of a short-to-long multiplated stalk (figure 19.1). The lower holdfast surfaces are not well known, so it is uncertain whether suction was still used for adherence or if there was actually skeletal cementation to the attachment surface. Lichenoides is a Gogia relative whose thickened plates of the lower theca as an adult possibly anchored the animal. Cymbionites is a problematic Middle Cambrian taxon known by a greatly thickened basal plate that must have enabled anchoring in a similar manner. Edrioas-teroids such as Totiglobus and Edriodiscus had basal disks functionally similar to those of earlier relatives (Guensburg and Sprinkle 1994b). A Totiglobus from southern Idaho is attached to a trilobite free-cheek. The earliest probable crinoid Echmatocrinus occurs attached to worm tubes (figure 19.1), hyoliths, and possible stalks of other Echmatocrinus specimens using a medium-length stalk tipped by a low conical holdfast that appears to have been cemented to the attachment surface (Sprinkle 1973; Sprinkle and Collins 1998).

Late Cambrian echinoderms are poorly known, but based upon skeletal debris, they were locally common in shallow shelf environments of cratonic seas, and echino-derms were among the first metazoans to attach to widespread hardgrounds devel-

Figure 19.2 Reconstruction of hardground and soft-substrate echinoderm communities from the Upper Cambrian Snowy Range Formation (Wyoming, USA). A flat-pebble conglomerate bed is slowly being covered by soft muddy substrate (right), but thicker parts of the bed (left) have become pitted and corroded during a long period of exposure on the shallow sea floor. Two genera of stemmed trache-locrinid eocrinoids (left center), along with many additional holdfasts, a biscuit-shaped edrioasteroid (upper left), a sponge (lower left), and several Billingsella calciate brachio-pods, are attached to this lithified surface, while two cornute stylophorans (right front), a solute homoiostelean (right rear), and a trilo-bite feed in the soft muddy sediment. Front width of block diagram about 0.5 m. Source: Modified from Sprinkle and Guensburg (1997) by James Sprinkle and Jennifer Logothetti.

Figure 19.2 Reconstruction of hardground and soft-substrate echinoderm communities from the Upper Cambrian Snowy Range Formation (Wyoming, USA). A flat-pebble conglomerate bed is slowly being covered by soft muddy substrate (right), but thicker parts of the bed (left) have become pitted and corroded during a long period of exposure on the shallow sea floor. Two genera of stemmed trache-locrinid eocrinoids (left center), along with many additional holdfasts, a biscuit-shaped edrioasteroid (upper left), a sponge (lower left), and several Billingsella calciate brachio-pods, are attached to this lithified surface, while two cornute stylophorans (right front), a solute homoiostelean (right rear), and a trilo-bite feed in the soft muddy sediment. Front width of block diagram about 0.5 m. Source: Modified from Sprinkle and Guensburg (1997) by James Sprinkle and Jennifer Logothetti.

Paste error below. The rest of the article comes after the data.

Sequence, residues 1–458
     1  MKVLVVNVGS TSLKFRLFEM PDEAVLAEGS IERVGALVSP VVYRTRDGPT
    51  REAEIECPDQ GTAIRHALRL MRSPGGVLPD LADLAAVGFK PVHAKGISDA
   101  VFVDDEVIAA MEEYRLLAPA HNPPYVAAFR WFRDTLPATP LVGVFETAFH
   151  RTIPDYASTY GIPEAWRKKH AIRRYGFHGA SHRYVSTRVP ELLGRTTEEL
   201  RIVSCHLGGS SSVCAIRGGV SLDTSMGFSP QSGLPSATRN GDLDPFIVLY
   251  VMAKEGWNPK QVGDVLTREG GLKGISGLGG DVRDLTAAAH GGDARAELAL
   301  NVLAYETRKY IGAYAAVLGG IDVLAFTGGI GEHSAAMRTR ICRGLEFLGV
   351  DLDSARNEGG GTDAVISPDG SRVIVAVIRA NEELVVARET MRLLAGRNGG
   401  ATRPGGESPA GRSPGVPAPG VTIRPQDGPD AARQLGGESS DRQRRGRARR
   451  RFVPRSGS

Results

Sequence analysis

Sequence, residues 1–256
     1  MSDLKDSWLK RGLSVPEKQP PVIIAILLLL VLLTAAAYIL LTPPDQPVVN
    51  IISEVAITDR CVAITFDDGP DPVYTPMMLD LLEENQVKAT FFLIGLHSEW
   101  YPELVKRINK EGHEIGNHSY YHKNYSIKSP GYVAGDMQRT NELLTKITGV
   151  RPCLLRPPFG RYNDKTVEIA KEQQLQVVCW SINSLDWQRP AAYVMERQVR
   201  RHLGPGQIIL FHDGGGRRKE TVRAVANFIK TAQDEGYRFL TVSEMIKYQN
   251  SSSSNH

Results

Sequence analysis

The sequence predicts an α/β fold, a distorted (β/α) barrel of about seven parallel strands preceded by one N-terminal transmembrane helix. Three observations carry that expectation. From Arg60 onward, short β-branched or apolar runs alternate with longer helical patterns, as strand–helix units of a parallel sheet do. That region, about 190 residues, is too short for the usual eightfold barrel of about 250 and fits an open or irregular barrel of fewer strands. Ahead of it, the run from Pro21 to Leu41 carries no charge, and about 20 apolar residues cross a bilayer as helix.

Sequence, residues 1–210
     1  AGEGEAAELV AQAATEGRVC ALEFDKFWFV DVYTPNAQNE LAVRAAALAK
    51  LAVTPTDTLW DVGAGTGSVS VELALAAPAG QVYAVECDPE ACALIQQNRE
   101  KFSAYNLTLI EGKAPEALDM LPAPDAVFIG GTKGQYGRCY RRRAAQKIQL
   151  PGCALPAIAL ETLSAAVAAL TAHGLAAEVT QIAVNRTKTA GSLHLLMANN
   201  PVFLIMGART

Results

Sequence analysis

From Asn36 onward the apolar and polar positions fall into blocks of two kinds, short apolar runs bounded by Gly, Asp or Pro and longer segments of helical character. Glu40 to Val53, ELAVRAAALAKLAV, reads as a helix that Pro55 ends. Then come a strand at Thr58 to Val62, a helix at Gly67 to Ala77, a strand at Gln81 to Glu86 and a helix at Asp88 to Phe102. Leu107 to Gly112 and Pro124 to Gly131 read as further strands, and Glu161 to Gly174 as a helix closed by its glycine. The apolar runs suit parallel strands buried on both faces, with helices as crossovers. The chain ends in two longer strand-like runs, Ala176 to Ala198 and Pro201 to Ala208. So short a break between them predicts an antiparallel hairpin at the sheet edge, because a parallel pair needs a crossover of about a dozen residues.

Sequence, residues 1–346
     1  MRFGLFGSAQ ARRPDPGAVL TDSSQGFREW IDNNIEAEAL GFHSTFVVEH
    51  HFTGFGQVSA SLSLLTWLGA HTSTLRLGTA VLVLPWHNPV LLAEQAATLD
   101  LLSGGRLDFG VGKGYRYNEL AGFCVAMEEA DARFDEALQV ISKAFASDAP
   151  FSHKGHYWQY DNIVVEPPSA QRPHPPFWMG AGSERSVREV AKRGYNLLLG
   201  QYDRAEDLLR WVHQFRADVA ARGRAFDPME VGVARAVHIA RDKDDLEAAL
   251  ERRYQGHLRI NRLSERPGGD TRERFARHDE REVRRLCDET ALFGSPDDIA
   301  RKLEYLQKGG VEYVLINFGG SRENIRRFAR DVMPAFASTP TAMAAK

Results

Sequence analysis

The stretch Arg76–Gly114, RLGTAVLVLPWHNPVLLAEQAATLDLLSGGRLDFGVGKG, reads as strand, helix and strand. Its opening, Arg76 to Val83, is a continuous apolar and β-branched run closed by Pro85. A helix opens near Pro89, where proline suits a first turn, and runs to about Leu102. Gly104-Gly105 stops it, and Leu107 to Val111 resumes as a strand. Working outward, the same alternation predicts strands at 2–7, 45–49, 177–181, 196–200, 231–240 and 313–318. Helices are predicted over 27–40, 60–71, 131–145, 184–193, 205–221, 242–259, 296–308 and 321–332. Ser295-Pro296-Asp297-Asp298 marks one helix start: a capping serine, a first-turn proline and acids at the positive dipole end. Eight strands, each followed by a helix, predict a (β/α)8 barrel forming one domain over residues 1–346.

oped on grainstones, intraformational limestones, and cryptalgal biohermal mounds. Some hardground surfaces are encrusted by numerous subconical massive cemented holdfasts (figure 19.2), which, based on association with disklike columnals having trilobate lumens and distinctive thecal plates, we assign to eocrinoids. No Late Cambrian crinoids are known. This is curious because they commonly encrusted Ordovician hardgrounds (Palmer and Palmer 1977; Brett and Brookfield 1984; Guensburg 1992; Guensburg and Sprinkle 1992; Sprinkle and Guensburg 1995). The eocrinoid Ridersia may represent a sister taxon to later rhombiferans (Jell et al. 1985) and has a strongly heteromorphic stem that may indicate a free-living adult life mode. Edrio-asteroids continued to attach with a basal disk, but there were modifications that presumably increased efficiency by adding a well-developed peripheral rim that sealed the thecal margin (Smith and Jell 1990). Undescribed edrioasteroids from the Late Cambrian of Missouri have long conical aboral surfaces that could have been inserted into firm but plastic siliciclastic substrates or attached to skeletal fragments. Early and Middle Ordovician attached echinoderms continued encrusting hardgrounds and other solid surfaces. Eocrinoids, paracrinoids, and crinoids all exploited these surfaces in great numbers. Rootlike and radicular holdfasts among crinoids first appeared during the Middle Ordovician, corresponding to the rapid ecologic radiation of this group.